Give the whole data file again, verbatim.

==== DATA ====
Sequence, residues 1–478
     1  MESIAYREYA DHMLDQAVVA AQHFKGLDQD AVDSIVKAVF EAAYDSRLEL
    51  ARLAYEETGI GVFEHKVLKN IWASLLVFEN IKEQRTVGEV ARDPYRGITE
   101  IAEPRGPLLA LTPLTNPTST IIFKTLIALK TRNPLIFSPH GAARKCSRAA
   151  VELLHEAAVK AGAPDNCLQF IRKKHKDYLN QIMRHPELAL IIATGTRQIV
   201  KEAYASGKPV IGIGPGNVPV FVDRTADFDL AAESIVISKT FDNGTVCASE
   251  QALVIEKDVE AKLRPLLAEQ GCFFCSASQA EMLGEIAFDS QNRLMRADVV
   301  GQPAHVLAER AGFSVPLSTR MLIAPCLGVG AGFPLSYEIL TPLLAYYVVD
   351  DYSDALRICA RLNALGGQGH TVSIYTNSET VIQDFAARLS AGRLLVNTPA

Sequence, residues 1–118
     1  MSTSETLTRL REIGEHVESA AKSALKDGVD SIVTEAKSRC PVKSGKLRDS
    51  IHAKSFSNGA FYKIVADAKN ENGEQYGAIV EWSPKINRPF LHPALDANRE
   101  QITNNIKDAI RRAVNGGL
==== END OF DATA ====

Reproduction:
Sequence, residues 1–478
     1  MESIAYREYA DHMLDQAVVA AQHFKGLDQD AVDSIVKAVF EAAYDSRLEL
    51  ARLAYEETGI GVFEHKVLKN IWASLLVFEN IKEQRTVGEV ARDPYRGITE
   101  IAEPRGPLLA LTPLTNPTST IIFKTLIALK TRNPLIFSPH GAARKCSRAA
   151  VELLHEAAVK AGAPDNCLQF IRKKHKDYLN QIMRHPELAL IIATGTRQIV
   201  KEAYASGKPV IGIGPGNVPV FVDRTADFDL AAESIVISKT FDNGTVCASE
   251  QALVIEKDVE AKLRPLLAEQ GCFFCSASQA EMLGEIAFDS QNRLMRADVV
   301  GQPAHVLAER AGFSVPLSTR MLIAPCLGVG AGFPLSYEIL TPLLAYYVVD
   351  DYSDALRICA RLNALGGQGH TVSIYTNSET VIQDFAARLS AGRLLVNTPA

Sequence, residues 1–118
     1  MSTSETLTRL REIGEHVESA AKSALKDGVD SIVTEAKSRC PVKSGKLRDS
    51  IHAKSFSNGA FYKIVADAKN ENGEQYGAIV EWSPKINRPF LHPALDANRE
   101  QITNNIKDAI RRAVNGGL